BUSINESS

Building a fair pension system

DIMITRIS KONTOGIANNIS

Pensioners at a recent protest in Thessaloniki, northern Greece. An unspecified number of people who retired before mid-May 2016 will see a pension increase if a 2017 law comes into effect, while some 900,000 will be subject to cuts.

TAGS: Analysis, Economy, Society, Politics

Should people who filed for retirement after mid-May 2016 receive a pension that is 25 to 40 percent lower than that collected by those who retired before that date after working the same number of years and paying the same social security contributions? The government and the other political parties think so and are trying to convince the European Union to rescind the relevant law, due to come into effect from the start of 2019 (an election year), which will apply the same rules to calculating the pensions of all retirees. However, intergenerational and intragenerational solidarity and distributive justice and equality dictate the opposite.

Faced with the 2015 decisions of the Council of State that called for main and auxiliary pension cuts enacted in 2012 to be rescinded, the government decided to recalculate all main pensions, citing the equal treatment of old (pre-mid-May 2016) and new retirees. The cost of the court decisions was estimated by lenders at around 2.0 percent of gross domestic product.

The recalculation resulted in the so-called “personal difference” – the difference between the actual pension and the amount calculated. The government passed a law (N.4422/2017) last year which foresees main pension increases from the beginning of 2023 and imposes cuts of up to 18 percent from 2019. This is the law the government wants to take back.

The government argues that it is not necessary to apply the law since the primary budget surplus is estimated well above 3.5 percent of GDP this year – the target Greece has committed to meet through 2020 – and at 3.5 percent or higher next year. However, critics point to the country’s pension expenditure-to-GDP ratio, which stands at 17 percent, the highest in the EU, and its aging population, while others point to projections the pension bill will come down to 12-14 percent of GDP over the next few decades as new retirees receive much lower pensions.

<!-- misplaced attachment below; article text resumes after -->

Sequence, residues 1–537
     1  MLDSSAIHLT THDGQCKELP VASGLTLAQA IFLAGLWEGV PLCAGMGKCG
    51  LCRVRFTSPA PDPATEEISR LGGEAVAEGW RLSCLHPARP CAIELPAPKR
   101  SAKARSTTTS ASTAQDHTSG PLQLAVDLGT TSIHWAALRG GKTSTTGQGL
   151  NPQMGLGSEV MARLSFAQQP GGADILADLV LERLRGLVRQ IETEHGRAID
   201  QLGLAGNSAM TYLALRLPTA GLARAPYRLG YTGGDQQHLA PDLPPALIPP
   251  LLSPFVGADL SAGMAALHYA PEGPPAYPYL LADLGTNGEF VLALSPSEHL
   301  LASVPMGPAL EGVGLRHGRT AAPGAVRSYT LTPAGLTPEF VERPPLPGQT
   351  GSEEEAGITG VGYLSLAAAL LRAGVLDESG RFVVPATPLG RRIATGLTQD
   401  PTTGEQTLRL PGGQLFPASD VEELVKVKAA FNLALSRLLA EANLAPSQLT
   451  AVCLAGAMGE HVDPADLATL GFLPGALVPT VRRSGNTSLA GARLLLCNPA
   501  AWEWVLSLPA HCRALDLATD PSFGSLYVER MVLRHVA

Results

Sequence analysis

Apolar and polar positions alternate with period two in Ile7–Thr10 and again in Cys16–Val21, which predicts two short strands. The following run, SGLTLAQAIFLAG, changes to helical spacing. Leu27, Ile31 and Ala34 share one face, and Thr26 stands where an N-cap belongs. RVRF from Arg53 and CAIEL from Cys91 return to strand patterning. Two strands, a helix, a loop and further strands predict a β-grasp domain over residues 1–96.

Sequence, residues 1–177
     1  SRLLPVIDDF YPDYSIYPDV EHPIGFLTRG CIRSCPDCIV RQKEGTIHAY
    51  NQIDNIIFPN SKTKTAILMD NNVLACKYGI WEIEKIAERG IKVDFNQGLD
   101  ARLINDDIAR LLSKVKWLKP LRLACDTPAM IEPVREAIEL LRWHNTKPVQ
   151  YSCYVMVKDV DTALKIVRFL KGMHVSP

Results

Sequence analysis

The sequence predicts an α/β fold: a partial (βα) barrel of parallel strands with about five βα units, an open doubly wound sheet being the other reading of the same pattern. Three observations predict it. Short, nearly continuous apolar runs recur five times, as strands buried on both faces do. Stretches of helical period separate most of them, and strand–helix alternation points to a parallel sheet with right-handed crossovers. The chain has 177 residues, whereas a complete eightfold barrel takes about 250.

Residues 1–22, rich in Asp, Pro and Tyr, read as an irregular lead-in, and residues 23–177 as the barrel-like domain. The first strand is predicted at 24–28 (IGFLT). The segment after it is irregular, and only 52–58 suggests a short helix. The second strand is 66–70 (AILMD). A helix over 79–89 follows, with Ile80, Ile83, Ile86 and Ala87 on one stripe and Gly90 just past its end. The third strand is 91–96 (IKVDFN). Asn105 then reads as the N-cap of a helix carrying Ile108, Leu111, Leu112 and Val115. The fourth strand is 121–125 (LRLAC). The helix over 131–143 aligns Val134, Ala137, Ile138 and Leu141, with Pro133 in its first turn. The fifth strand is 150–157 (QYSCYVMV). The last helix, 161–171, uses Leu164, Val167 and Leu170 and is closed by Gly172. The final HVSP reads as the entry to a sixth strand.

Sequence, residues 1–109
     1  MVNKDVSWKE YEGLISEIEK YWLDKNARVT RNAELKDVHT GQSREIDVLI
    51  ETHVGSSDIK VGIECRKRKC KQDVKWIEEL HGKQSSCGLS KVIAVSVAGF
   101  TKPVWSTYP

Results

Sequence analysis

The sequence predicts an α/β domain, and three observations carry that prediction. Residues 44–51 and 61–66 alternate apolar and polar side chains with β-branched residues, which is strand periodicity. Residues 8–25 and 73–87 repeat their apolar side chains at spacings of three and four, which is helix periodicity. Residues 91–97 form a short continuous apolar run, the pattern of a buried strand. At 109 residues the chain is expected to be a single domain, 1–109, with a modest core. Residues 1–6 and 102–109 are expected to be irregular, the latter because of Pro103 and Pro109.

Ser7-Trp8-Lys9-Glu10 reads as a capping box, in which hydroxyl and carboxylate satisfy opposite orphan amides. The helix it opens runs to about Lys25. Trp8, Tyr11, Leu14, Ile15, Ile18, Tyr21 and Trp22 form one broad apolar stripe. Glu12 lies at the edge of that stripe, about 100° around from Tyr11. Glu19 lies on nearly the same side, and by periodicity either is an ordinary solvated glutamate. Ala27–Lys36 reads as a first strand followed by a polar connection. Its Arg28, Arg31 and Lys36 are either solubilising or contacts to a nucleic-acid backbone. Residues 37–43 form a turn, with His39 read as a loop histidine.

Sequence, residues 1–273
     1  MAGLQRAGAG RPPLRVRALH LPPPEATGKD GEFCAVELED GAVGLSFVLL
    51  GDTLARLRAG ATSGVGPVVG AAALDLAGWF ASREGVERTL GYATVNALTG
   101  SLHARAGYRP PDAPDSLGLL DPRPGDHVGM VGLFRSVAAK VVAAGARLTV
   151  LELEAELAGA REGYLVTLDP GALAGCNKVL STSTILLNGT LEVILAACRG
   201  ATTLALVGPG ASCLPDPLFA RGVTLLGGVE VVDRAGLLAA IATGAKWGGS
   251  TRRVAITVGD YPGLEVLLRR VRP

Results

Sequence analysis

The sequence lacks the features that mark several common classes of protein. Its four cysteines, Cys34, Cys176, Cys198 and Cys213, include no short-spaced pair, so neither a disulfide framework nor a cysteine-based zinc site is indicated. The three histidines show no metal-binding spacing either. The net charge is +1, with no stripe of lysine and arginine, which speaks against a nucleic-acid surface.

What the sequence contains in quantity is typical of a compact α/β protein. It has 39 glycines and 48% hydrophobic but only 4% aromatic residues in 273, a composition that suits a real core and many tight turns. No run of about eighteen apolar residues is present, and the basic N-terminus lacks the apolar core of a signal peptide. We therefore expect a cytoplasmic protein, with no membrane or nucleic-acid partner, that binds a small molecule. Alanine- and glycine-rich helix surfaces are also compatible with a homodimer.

One may agree that Greece can attain the primary surplus target this year and next, rendering the 2017 law redundant from a fiscal point of view. Of course, this may not be the case from 2020 onward, but at this point it seems to be a valid argument against applying the law. On the other hand, the Greek case is weakened when it is put in the context of the already high pension spending and adverse demographics.

All this does not change the fact that some old retirees are discriminated against by receiving a smaller pension for similar qualifications compared to their cohorts due to the non-application of the same rules. An unspecified number of old retirees will receive a pension increase if the 2017 law comes into effect while some 900,000 will be subject to cuts. Among the 900,000 retirees are former public sector employees and others from utilities and banks who receive the highest pensions. Moreover, new retirees receive pensions which are 25 to 40 percent lower than those obtained by old retirees.

Critics of the law argue that some low-income pensioners may also see reductions. However, this can be dealt with by introducing a floor – i.e. 700-800 euros – under which no cuts are applied. After all, the law foresees a maximum cut of 18 percent for high-income pensioners although bigger cuts may be justified according to the recalculation and the resulting “personal difference.”

Analysts warn against not applying the same rules in calculating pensions. They argue that highly taxed employees who also pay high social security contributions may object to financing a system that promises them lower pensions at best in the future.

They also argue that it will be almost impossible from a political point of view for any other future government to apply the law that dictates a sizable cut in personal income tax deduction from 2020 if the 2017 pension law is rescinded. On the other hand, the application of the same pension rules will create some fiscal space that may partially avert the full cut in the tax deduction.

All in all, the pay-as-you-go pension system relies on intergenerational and intragenerational solidarity. To the extent the latter is weakened by discrimination, the foundation of the system is undermined. The interest of the country should be put above votes.


Dimitris Kontogiannis (dckgianis@gmail.com) holds a PhD in macroeconomics and international finance. He has written and reported for Reuters, the Financial Times and Kathimerini English Edition, among others.

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